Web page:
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CBDH & THCH Cannabinoids Discovered

Updated: Aug 8, 2023

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A 2020 study entitled "Identification of a New Cannabidiol N-hexyl Homolog in a Medicinal Cannabis Variety with an Antinociceptive Activity in Mice: Cannabidihexol" published in the journal Scientific Reports identified two new cannabinoids produced by cannabis: CBDH (cannabidihexol) and THCH (tetrahydrocannabihexol).


The research not only discovered these new cannabinoids, but isolated enough CBDH to experiment on rodent subjects (mice) and learn that this molecule might act as an analgesic and reduce pain.

Newly discovered cannabinoids CBDH & THCH
Newly discovered cannabinoids CBDH & THCH

Study: CBDH & THCH Cannabinoids Discovered

The study, conducted by Italian researchers, continued a series of research investigations by the team. In December 2019, the same scientists released a study that identified two new cannabinoids (CBDP and THCP), as well as a theorized—but never found in the wild until then—family of cannabinoids called phorals.


"In this work we report a new series of phytocannabinoids that fills the gap between the pentyl and heptyl homologs of CBD and Δ9-THC, bearing a n-hexyl side chain...that we named cannabidihexol (CBDH) and Δ9-tetrahydrocannabihexol (Δ9-THCH), respectively," reported the pioneering scientists.

Nearly microscopic trichomes produce cannabinoids
Nearly microscopic trichomes produce cannabinoids

The researchers were able to achieve this feat partly due to the availability of highly sensitive modern testing equipment, including high-resolution mass spectrometry. Such technology allows more accurate identification of cannabinoids and other molecules in a cannabis sample "even when present in very small traces" (a significant issue in prior studies lacking this type of technology).


Many CBDH Cannabinoid Discoveries

CBDH & THCH Cannabinoids Discovered. The study reported that it "expanded the scope of cannabinoid identification, completing the series of homologs with different alkyl side chain from three to seven methylene units." It explained that, prior to its investigation, only cannabinoids featuring an odd number of carbon atoms on the side chain have been reported.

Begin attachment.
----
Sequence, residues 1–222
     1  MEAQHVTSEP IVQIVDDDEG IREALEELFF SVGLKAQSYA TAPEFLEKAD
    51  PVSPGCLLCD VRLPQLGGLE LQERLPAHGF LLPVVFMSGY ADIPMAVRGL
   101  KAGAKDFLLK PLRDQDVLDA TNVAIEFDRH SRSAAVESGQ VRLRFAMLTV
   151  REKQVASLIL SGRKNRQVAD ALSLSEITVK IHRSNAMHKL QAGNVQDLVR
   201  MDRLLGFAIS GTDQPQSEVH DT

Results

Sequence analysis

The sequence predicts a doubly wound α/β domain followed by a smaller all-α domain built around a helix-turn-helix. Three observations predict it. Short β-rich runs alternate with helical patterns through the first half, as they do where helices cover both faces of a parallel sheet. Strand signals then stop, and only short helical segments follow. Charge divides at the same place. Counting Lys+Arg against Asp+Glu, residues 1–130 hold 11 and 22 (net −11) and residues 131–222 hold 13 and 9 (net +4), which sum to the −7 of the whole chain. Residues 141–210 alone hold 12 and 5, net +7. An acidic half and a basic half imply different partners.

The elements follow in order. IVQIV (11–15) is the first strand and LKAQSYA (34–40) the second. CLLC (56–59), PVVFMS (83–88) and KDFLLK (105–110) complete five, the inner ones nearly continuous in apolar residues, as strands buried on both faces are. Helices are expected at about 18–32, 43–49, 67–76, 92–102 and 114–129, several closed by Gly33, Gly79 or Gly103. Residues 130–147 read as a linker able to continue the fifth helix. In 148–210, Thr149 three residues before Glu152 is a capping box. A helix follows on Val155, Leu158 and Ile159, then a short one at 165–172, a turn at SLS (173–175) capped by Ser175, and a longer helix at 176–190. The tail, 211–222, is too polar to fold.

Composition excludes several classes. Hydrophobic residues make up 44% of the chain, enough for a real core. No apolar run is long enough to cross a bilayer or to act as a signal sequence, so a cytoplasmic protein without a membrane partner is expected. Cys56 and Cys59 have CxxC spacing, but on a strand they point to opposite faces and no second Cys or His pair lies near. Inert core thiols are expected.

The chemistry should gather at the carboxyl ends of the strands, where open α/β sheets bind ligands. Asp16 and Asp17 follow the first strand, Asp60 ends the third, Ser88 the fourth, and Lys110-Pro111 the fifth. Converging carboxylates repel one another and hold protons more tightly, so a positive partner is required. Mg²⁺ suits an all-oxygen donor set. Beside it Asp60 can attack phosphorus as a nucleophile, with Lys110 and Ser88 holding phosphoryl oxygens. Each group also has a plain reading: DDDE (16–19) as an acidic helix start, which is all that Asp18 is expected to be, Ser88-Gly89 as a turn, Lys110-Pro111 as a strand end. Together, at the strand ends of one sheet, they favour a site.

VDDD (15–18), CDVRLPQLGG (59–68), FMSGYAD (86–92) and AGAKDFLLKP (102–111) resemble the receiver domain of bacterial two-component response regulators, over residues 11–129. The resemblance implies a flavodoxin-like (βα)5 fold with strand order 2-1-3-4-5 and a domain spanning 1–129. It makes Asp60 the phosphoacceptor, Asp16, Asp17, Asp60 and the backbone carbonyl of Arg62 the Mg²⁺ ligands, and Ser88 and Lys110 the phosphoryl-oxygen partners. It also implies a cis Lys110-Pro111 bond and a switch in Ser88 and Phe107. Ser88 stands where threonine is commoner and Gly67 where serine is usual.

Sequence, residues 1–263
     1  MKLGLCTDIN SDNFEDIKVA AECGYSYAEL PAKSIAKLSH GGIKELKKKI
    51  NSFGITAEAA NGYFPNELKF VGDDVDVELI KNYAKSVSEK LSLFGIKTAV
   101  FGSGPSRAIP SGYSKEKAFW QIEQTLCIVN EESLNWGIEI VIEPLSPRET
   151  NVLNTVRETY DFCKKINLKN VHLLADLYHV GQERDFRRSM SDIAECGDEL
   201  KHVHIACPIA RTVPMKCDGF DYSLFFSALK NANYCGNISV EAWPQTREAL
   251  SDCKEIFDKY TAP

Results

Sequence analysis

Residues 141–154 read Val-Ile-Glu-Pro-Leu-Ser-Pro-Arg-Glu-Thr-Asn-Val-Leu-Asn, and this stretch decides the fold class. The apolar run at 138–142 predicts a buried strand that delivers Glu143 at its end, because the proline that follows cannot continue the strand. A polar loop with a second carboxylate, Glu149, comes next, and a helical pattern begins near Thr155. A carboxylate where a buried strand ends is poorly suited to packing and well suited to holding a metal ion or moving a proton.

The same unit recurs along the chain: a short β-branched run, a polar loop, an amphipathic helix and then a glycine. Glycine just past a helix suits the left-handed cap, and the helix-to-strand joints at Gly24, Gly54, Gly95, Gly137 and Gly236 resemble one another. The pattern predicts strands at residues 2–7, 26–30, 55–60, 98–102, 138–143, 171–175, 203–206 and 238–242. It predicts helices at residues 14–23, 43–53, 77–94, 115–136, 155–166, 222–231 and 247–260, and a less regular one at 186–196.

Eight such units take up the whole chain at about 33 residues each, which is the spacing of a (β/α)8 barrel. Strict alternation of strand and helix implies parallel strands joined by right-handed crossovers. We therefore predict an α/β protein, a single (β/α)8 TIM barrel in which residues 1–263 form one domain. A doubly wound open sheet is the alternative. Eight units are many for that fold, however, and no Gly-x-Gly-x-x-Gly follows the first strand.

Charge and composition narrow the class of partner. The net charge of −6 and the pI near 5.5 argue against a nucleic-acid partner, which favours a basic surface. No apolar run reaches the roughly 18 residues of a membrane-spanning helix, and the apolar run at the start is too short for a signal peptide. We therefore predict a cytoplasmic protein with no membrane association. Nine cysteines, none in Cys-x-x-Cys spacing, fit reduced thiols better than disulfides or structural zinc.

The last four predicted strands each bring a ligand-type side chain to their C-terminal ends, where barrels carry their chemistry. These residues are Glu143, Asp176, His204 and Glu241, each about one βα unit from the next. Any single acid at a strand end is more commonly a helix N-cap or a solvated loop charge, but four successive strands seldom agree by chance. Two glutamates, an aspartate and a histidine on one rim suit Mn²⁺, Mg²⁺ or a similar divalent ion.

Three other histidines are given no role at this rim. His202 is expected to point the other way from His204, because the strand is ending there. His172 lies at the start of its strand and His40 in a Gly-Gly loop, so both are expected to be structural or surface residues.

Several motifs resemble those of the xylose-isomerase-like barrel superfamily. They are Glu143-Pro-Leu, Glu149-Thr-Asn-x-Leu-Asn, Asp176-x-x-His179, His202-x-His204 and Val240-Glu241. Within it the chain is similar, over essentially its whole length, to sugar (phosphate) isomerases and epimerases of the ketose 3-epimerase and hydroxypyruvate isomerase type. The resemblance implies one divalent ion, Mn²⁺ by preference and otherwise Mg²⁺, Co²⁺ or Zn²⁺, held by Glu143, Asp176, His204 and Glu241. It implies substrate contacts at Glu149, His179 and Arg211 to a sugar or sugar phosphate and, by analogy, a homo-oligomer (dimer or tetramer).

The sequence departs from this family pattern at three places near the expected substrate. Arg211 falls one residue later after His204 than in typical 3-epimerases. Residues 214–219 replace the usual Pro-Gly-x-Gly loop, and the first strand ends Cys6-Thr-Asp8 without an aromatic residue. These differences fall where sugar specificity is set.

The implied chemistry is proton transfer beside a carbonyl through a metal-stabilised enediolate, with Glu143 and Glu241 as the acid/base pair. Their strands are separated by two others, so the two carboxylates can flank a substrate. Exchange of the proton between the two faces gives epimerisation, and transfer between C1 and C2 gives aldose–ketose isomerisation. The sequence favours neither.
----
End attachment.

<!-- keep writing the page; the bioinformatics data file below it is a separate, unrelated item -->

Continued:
"Prior to its investigation, only cannabinoids featuring an odd number of carbon atoms on the side chain have been reported."

This was the first time that a naturally occurring cannabinoid featuring a side chain comprised of an even number of carbon atoms on the side chain (until this study, scientists believed cannabinoids featuring an even number of carbon atoms to be artifacts resulting from fungal oxidation).


The researchers recommended that the origin and full biosynthetic pathway of these new cannabinoids "should be investigated as this might disclose new insights in the cannabis biochemistry."

A man rolls a cannabis joint
Have you tried alt cannabinoids?

CBDH & THCH Cannabinoids Discovered: Conclusions

The study concluded that its results contribute "another piece of knowledge toward understanding Cannabis Sativa L. cannabinoma." It stated that it was able to isolate CBDH and evaluate its pharmacological activity in mice. It reported that CBDH demonstrated nocifensive (antinociceptive; pain reducing) characteristics at extremely low doses.


In a demonstration of what scientists call a biphasic response curve, the study reported that at low to moderate doses, CBDH may be a powerful analgesic. However, at more potent doses, the researchers think it may block CB1 and CB2 receptors in the endocannabinoid system, resulting in no pain relief whatsoever.

Molecular structure of major cannabinoids
Molecular structure of major cannabinoids

CBDH Cannabinoid Human Trials Necessary

This is a good example of why dosing is so critical to the successful administration of cannabinoids for medical conditions and why double-blind placebo-controlled clinical trials involving humans are critically necessary for the real-world integration of such phytochemicals into modern medicinal therapies and wellness regimens.


The researchers hypothesized that the potential pain-relieving characteristics of CBDH might be the result of it binding with special TRPV cellular receptors, particularly the TRPV1 type. These receptors are involved in pain, the perception of pain, and the regulation of body temperature.


"CBDH demonstrated nocifensive (analgesic, or pain reducing) characteristics at extremely low doses."

Unfortunately, the volume of THCH gathered was too low to test it on the mice. It should be stressed that this is very preliminary research that has triggered the need for many additional studies that build on the information discovered here. "More in-depth pharmacological studies are currently underway to clarify the mechanism of action of this new phytocannabinoid" reported the scientists.


This leading-edge research is so new that no products featuring CBDH or THCH have been introduced to market. Extensive preclinical and clinical trials are first necessary before these phytocannabinoids can successfully and with confidence be administered to humans for medicinal purposes.

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